Say no to sole-sourcing,” urge posters for a rally at city hall today against the Lansdowne Live plan.
As council prepares to vote on Lansdowne Park’s future, opponents of the development deal appear to have seized upon the issue of sole-sourcing as a key argumentative weapon.
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While there are numerous debatable details of the project, the amount of retail space or parking, transit hurdles or matters of heritage and aesthetics, the idea of getting value for money with competitive bidding seems hard to oppose.
This week, the Ottawa Sports and Entertainment Group seemed to acknowledge this, indicating they wouldn’t be opposed to an open design competition for development of the green space at Lansdowne, as long as the rest of the project remains in their hands.
Also this week, councillors Clive Doucet, Jacques Legendre and Diane Holmes, who all oppose the Lansdowne deal, held a press conference to demonstrate multi-party opposition to sole-source contracts as a simple matter of good governance.
Former NDP leader Ed Broadbent was in attendance, and letters were quoted from other politicos, including Green leader Elizabeth May, Liberal MPP Yasir Naqvi and NDP MP Paul Dewar.
“It is a very, very rare occasion when politicians abandon their partisan concerns…and join together in a common cause,” Coun. Doucet said. “They’re doing so today because sole-sourcing is a governance issue that applies to all governments, and no party wants to be associated with it.”
He somewhat overstated the degree of multi-partisan unanimity, however. Conspicuously absent were any representatives of the Conservative Party of Canada. While it’s true that Flora MacDonald, a cabinet minister in the Joe Clark and Brian Mulroney governments, wrote in support, she was a Progressive Conservative, and after her party merged with Reform into its current incarnation, she famously and loudly voted NDP.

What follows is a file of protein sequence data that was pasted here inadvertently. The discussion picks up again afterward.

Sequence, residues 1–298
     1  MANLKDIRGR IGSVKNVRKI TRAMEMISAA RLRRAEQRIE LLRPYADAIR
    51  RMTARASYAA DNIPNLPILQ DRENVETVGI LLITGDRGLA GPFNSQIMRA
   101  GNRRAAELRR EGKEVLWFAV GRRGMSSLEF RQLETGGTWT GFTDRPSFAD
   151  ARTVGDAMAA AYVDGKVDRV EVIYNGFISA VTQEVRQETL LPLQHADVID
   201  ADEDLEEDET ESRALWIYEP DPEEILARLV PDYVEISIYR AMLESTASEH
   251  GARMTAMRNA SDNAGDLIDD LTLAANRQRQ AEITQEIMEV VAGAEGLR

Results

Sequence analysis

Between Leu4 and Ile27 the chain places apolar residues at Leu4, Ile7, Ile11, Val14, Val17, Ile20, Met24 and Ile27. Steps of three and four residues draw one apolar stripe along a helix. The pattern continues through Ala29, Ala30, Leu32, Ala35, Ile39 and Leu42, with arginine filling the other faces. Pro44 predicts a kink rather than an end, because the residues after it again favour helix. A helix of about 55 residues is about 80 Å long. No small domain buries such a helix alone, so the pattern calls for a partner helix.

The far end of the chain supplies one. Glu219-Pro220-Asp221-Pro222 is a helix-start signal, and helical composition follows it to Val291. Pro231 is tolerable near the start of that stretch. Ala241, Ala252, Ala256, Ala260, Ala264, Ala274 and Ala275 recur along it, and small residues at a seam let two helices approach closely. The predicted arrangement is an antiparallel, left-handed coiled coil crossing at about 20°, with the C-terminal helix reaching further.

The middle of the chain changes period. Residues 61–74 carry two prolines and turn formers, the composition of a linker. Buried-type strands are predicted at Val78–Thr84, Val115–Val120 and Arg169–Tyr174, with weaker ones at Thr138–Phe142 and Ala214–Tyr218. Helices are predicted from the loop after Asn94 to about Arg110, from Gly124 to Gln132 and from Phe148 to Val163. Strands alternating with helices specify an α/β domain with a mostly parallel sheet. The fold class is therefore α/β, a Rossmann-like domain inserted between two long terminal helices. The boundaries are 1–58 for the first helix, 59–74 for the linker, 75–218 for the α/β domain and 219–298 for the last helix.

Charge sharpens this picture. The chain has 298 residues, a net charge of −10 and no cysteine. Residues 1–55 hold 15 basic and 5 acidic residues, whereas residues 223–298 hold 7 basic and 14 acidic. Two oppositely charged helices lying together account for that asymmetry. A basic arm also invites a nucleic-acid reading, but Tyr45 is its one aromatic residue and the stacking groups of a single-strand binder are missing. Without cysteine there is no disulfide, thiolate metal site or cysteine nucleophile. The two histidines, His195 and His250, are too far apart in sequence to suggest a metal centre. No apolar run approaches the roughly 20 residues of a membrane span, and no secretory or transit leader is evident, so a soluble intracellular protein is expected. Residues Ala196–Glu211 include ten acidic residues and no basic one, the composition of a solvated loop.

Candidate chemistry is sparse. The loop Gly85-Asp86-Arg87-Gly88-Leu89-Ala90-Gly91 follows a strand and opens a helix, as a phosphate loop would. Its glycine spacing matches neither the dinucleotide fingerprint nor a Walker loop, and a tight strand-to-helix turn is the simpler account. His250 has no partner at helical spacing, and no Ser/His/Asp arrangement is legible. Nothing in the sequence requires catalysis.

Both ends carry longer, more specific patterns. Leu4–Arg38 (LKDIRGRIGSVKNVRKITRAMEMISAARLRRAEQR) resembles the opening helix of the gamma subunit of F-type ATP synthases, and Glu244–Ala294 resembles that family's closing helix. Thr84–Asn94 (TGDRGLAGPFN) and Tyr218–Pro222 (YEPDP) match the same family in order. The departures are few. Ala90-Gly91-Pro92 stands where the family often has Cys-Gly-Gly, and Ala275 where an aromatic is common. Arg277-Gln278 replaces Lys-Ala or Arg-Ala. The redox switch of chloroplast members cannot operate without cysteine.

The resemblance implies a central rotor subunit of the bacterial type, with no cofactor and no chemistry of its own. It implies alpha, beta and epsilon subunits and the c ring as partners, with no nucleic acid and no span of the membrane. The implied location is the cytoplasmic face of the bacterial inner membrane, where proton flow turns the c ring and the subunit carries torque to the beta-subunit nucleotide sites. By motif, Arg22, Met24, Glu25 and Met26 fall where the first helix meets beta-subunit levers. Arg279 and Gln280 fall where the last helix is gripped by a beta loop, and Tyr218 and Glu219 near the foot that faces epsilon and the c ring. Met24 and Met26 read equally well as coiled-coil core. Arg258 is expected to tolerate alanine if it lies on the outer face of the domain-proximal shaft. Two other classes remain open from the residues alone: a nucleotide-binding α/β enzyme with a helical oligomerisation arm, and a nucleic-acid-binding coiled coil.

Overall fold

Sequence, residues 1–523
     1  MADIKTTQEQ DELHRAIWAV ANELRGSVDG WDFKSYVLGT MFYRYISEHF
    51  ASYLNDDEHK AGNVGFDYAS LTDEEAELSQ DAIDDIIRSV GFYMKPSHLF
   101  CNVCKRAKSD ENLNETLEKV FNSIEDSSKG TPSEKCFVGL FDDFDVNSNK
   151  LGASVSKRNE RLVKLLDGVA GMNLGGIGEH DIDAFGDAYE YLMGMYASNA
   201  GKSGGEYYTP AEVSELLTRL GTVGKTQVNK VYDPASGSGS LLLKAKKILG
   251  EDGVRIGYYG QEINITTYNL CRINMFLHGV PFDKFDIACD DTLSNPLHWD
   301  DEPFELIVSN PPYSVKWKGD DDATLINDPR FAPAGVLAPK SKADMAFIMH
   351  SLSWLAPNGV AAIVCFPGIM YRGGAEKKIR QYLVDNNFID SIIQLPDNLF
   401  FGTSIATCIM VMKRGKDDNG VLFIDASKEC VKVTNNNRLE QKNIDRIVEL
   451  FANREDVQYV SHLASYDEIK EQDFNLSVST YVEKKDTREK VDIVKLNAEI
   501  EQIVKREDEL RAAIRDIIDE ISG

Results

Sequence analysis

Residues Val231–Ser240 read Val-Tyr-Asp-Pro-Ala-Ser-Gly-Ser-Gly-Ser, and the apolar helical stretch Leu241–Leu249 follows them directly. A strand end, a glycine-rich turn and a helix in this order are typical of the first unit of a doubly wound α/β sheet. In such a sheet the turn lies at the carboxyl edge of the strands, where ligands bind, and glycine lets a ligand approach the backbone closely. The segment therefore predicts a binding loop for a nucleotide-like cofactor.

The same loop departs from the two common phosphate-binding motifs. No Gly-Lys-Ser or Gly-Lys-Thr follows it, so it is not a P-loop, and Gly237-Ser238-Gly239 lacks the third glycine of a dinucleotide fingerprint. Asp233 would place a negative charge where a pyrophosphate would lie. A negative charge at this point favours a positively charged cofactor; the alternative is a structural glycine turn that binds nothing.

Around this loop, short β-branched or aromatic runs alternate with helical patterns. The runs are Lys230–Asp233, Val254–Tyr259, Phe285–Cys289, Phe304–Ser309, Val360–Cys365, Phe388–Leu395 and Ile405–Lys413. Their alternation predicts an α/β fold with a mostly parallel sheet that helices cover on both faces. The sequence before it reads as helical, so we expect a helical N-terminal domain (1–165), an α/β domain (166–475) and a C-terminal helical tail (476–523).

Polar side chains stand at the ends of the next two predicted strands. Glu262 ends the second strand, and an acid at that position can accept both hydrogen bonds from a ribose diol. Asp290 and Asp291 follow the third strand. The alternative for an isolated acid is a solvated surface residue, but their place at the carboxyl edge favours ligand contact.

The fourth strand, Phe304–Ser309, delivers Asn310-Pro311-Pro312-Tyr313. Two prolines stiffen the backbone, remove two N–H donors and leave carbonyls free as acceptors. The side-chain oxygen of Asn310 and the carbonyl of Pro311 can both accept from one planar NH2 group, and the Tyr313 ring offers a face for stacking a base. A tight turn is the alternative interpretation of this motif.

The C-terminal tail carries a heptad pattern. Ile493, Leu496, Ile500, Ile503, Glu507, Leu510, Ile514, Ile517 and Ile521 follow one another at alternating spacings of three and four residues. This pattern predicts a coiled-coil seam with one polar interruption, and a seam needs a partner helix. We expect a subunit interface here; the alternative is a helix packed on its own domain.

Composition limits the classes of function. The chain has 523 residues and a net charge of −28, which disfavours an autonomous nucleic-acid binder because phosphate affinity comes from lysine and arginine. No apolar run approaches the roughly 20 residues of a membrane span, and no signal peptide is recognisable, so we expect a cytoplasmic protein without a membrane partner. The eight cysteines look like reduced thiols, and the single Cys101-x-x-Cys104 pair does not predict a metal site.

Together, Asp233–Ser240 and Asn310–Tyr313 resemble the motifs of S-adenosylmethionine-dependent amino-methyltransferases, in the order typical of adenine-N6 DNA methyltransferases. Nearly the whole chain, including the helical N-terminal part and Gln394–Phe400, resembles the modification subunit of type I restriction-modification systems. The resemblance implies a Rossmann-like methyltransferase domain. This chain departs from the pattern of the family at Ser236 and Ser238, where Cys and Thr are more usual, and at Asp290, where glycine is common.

So, the party one would most likely associate with free market principles is the only one not standing up for competition for this multi-million-dollar public project. Meanwhile, given repeated hiccups with the supply of H1N1 vaccine, the Harper government appears to be ready to re-think its own exclusive deal with GlaxoSmithKline.
A sole-source contract can be just the thing in rare circumstances, for example, for a small job that doesn’t justify the time and expense of a full competition, in an emergency where time is of the essence, or cases in which there’s only one company capable of supplying a particular good or service.
Usually, though, it makes no great sense for a government not to shop around and get the best deal it can for your money.
Steve Collins lives, writes and walks in Ottawa; email@example.com.